This post is a post from a linked in article I published.
A couple of weeks back I presented to the University of Queensland Business Association on all things Excel – I covered the often neglected world of financial modelling. I always find it amusing that everyone seems to have their own peculiar style when it comes to modelling data in Excel. I was rather privileged to start my career with PWC who were all over the effective structure of an Excel spreadsheet (well at least in the area I worked in).
It seemed so simple to me – clearly segregate your data types into Inputs – Calculations and Outputs and flow your model from left to right like book. It has been the mantra I have stuck with it my entire career. What I have seen in practice is a mismatch of styles and design techniques which has left me scratching my head.
Why are we not teaching basic Excel design across the board at Universities? Why do Unis focus on theoretical financial concepts which I for one rarely if ever use (I have a Master’s degree in finance) when most of what today's analyst does, is cut up, isolate and present data all inside an Excel spreadsheet? At any rate I think Excel best practice should be taught at Uni so when you get hold of someone’s workbook at least you know how it has been wired. Sound logic and clear segregation between the various data types with the calculation flow going in the opposite direction to the physical layout (right to left, outputs to calcs, calcs to inputs........ simples!!!!!!!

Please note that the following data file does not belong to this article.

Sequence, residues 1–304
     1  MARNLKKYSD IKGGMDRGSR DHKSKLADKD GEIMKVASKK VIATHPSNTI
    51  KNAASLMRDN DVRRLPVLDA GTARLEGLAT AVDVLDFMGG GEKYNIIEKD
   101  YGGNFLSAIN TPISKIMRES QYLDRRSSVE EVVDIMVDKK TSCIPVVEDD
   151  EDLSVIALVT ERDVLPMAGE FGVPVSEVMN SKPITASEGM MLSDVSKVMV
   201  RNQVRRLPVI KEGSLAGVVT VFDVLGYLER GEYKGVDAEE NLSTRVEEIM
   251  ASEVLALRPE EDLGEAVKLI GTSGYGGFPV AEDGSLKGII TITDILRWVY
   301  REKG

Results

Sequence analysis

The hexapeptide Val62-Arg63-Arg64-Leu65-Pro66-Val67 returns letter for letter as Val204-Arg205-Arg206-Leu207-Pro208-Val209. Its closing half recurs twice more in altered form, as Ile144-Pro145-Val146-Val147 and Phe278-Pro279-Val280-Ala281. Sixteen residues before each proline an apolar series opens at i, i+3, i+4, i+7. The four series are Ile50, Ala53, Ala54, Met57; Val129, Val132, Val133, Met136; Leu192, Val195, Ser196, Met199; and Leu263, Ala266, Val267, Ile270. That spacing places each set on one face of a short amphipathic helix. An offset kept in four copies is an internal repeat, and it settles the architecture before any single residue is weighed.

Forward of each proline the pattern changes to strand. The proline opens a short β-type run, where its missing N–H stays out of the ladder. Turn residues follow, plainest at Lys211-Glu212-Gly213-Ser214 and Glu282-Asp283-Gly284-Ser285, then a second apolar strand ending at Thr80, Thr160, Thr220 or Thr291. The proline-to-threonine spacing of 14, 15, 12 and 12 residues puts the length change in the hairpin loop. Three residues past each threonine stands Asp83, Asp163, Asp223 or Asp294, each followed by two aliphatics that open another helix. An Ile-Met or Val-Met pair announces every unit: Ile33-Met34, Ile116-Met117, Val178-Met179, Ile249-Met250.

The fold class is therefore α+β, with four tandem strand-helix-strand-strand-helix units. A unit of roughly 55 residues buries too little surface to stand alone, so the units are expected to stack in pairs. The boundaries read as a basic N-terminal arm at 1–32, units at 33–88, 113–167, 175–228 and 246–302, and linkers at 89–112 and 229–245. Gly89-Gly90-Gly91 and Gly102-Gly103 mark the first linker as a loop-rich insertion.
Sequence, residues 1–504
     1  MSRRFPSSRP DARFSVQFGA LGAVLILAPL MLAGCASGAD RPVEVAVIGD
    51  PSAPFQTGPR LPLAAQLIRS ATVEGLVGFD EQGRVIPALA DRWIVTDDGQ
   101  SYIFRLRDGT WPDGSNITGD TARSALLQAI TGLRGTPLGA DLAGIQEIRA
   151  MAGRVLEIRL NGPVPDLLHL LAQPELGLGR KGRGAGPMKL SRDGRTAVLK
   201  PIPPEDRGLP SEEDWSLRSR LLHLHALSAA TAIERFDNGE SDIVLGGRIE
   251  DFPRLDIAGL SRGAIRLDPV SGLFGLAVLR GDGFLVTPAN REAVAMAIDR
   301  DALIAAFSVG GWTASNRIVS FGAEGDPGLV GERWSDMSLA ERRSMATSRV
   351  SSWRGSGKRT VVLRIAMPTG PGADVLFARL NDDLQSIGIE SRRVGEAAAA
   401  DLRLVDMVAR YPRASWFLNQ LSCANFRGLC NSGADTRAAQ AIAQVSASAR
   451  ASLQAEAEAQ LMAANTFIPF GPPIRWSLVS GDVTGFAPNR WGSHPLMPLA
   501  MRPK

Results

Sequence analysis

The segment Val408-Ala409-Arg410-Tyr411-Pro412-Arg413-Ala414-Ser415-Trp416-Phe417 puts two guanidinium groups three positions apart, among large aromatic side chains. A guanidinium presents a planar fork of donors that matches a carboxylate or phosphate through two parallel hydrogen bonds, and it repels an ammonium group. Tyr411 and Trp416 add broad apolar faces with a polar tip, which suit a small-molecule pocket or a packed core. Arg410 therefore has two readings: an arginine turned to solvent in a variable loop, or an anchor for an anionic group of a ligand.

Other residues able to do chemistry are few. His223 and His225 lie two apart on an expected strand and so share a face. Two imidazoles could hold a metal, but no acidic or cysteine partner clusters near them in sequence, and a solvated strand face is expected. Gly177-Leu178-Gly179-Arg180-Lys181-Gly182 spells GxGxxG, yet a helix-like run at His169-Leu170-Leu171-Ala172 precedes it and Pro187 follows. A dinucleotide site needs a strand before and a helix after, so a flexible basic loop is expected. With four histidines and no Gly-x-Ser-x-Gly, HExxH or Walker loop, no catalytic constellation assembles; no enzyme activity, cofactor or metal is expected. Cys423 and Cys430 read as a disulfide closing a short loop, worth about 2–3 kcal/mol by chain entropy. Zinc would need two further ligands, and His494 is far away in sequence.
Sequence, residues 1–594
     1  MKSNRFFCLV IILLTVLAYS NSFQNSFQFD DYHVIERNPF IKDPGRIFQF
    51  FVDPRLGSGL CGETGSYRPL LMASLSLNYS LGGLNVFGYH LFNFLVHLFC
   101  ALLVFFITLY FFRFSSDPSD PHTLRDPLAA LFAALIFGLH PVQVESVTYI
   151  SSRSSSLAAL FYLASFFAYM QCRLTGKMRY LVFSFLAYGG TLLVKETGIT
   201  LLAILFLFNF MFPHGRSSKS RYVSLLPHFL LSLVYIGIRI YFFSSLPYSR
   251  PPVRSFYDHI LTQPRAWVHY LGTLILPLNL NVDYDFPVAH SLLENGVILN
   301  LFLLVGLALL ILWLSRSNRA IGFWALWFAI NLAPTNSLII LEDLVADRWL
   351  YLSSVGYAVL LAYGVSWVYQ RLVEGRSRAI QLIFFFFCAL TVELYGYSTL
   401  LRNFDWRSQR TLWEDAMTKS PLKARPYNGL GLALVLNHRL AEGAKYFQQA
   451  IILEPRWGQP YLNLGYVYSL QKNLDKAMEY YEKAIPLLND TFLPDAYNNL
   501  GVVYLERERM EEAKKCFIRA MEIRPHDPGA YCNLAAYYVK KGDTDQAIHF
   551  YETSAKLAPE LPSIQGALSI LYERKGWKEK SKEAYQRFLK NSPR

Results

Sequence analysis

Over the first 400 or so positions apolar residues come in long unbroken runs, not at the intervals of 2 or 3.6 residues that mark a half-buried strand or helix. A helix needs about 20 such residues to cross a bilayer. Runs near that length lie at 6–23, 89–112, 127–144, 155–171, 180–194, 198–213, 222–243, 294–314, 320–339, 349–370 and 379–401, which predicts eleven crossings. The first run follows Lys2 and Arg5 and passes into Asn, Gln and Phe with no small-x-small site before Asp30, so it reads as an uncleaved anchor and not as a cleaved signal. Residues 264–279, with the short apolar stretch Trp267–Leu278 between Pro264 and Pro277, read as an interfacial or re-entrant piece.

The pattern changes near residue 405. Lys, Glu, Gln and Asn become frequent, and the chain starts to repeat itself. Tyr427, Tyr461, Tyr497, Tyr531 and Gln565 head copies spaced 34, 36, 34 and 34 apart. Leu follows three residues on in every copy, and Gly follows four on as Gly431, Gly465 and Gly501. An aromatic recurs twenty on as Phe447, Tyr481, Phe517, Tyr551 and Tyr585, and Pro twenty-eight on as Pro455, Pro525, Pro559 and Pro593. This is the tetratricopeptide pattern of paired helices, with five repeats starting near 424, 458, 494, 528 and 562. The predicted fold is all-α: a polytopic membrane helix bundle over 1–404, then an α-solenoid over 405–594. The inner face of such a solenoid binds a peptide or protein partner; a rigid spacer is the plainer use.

Personally I love giving presentations to Uni students. They are like sponges, they want to learn and are not encumbered with poor technique that has been ingrained with the sands of time.
It was a 2 hour presentation so in the first hour we will build a financial model – I know right not long enough – well I have just included a few formulations which are important in my opinion – these include:
- SUMPRODUCT / SUMIFS
- LOOKUP / INDEX MATCH
- IF, IFS, AND, OR
- MID, LEFT, RIGHT, CELL
Finally we made the odd pivot table.
Secondly I showed them what I have stolen from JRR Tolkien which I boldly entitle – ONE CELL TO RULE THEM ALL. How to build in UBER flexibility so you can report on multiple metrics at the touch of a button or the turning of a combo box.
The top picture is the output from that lesson. This is something I put together exclusively for the UQBA – I just have to work out how to incorporate it into one of my full day presentations.